Saint Peter's Church is situated on the Leuven Grote Markt (main market square), right across the ornate Town Hall. Built mainly in the 15th century in Brabantine Gothic style, the church has a cruciform floor plan and a low bell tower that has never been completed. It is 93 meters long.
The first church on the site, made of wood and presumably founded in 986, burned down in 1176. It was replaced by a Romanesque church, featuring a west end flanked by two round towers. Of the Romanesque building only part of the crypt remains, underneath the chancel of the actual church.
Construction of the present Gothic edifice, significantly larger than its predecessor, was begun approximately in 1425, and was continued for more than half a century. It was built in a remarkably uniform style, replacing the older church progressively from east (chancel) to west. Its construction period overlapped with that of the Town Hall across the Markt, and in the earlier decades of construction shared the same succession of architects as its civic neighbor: Sulpitius van Vorst to start with, followed by Jan II Keldermans and later on Matheus de Layens. In 1497 the building was practically complete, although modifications, especially at the West End, continued.
In 1458, a fire struck the old Romanesque towers that still flanked the West End of the uncompleted building. The first arrangements for a new tower complex followed quickly, but were never realized. Then, in 1505, Joost Matsys forged an ambitious plan to erect three colossal towers of freestone surmounted by openwork spires, which would have had a grand effect, as the central spire would rise up to about 170 m, making it the world's tallest structure at the time. Insufficient ground stability and funds proved this plan impracticable, as the central tower reached less than a third of its intended height before the project was abandoned in 1541. After the height was further reduced by partial collapses from 1570 to 1604, the main tower now rises barely above the church roof; at its sides are mere stubs. The architect had, however, made a maquette of the original design, which is preserved in the southern transept.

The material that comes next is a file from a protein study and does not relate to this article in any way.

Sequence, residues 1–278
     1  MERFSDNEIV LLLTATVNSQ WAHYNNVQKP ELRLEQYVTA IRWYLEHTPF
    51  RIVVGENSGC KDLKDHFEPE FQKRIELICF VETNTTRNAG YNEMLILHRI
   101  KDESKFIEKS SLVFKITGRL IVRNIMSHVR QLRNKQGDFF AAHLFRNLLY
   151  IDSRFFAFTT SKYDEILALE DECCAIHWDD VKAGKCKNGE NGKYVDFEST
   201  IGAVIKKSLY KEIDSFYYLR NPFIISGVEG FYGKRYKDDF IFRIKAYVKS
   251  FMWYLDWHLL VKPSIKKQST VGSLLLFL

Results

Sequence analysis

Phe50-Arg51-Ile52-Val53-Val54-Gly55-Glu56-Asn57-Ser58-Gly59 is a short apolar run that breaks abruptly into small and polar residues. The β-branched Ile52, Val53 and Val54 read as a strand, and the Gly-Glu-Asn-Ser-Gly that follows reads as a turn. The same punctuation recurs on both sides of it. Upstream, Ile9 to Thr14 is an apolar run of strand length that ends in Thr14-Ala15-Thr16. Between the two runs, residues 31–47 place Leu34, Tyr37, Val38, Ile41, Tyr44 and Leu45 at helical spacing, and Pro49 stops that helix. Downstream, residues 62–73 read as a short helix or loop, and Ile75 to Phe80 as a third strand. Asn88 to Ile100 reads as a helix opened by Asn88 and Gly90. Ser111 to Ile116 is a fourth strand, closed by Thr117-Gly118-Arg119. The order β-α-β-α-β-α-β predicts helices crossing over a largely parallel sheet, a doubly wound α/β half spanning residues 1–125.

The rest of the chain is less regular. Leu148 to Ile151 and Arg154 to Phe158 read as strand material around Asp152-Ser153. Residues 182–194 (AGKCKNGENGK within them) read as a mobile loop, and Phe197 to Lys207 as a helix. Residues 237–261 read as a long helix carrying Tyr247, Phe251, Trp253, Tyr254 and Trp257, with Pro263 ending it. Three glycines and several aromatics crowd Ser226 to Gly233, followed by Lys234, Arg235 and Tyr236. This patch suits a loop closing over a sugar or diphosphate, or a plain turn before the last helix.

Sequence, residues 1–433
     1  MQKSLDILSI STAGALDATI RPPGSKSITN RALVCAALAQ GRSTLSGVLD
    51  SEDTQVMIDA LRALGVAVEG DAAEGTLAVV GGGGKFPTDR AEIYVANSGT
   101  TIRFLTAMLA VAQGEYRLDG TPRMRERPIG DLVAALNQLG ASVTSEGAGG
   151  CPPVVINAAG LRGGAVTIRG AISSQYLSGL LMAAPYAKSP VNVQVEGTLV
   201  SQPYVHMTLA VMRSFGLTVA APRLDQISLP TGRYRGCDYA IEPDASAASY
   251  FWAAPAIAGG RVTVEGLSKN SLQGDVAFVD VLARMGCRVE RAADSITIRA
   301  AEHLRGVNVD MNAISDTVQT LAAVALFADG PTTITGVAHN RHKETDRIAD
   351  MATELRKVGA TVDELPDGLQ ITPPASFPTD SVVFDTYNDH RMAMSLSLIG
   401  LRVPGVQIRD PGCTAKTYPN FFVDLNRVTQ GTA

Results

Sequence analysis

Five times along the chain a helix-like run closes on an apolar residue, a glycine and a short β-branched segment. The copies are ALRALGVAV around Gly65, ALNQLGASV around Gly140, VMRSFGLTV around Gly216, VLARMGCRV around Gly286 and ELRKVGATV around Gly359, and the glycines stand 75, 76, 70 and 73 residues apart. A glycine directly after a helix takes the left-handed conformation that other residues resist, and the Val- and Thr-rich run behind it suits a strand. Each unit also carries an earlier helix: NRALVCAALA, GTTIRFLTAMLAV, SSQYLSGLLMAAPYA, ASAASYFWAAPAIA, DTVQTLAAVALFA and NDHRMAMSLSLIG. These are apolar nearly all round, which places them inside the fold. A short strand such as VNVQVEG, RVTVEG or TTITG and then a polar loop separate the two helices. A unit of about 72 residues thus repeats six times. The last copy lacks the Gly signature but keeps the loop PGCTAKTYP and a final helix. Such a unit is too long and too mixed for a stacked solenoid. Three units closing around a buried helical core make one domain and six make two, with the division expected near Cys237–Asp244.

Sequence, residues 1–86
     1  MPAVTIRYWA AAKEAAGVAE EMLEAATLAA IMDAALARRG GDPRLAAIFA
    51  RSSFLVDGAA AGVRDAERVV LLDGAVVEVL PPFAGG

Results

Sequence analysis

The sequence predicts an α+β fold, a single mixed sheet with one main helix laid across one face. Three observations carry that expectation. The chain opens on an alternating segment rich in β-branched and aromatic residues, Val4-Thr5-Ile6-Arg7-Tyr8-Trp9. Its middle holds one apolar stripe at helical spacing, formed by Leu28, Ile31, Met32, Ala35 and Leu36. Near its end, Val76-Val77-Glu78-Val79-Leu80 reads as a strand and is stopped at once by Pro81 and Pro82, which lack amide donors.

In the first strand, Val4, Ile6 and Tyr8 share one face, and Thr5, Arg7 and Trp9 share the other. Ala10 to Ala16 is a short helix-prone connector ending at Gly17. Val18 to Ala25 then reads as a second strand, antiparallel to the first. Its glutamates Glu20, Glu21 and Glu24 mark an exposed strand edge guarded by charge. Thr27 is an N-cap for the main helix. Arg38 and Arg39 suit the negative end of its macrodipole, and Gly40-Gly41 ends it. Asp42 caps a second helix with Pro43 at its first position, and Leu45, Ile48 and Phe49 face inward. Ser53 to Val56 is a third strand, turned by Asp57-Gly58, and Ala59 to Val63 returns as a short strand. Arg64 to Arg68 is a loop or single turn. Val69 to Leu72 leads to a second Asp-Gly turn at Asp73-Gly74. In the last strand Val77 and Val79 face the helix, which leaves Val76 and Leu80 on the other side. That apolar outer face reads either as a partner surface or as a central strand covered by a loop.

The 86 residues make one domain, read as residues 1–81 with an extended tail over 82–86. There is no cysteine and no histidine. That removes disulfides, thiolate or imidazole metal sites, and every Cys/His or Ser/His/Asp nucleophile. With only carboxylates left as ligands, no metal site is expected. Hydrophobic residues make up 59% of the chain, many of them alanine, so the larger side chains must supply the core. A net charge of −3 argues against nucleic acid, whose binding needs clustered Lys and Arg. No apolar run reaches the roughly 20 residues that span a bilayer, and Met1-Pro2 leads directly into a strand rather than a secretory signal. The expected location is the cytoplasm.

Despite their incomplete status, the towers are mentioned on the UNESCO World Heritage List, as part of the Belfries of Belgium and France.
The church suffered severe damage in both World Wars. In 1914 a fire caused the collapse of the roof and in 1944 a bomb destroyed part of the northern side. The reconstructed roof is surmounted at the crossing by a flèche, which, unlike the 18th-century cupola that preceded it, blends stylistically with the rest of the church. A very late (1998) addition is the jacquemart, or golden automaton, which periodically rings a bell near the clock on the gable of the southern transept, above the main southern entrance door.
Despite the devastation during the World Wars, the church remains rich in works of art. The chancel and ambulatory were turned into a museum in 1998, where visitors can view a collection of sculptures, paintings and metalwork. The church has two paintings by the Flemish Primitive Dirk Bouts on display, the Last Supper (1464-1468) and the Martyrdom of St Erasmus (1465). The street leading towards the West End of the church is named after the artist. The Nazis seized The Last Supper in 1942. Panels from the painting had been sold legitimately to German museums in the 1800s, and Germany was forced to return all the panels as part of the required reparations of the Versailles Treaty after World War I.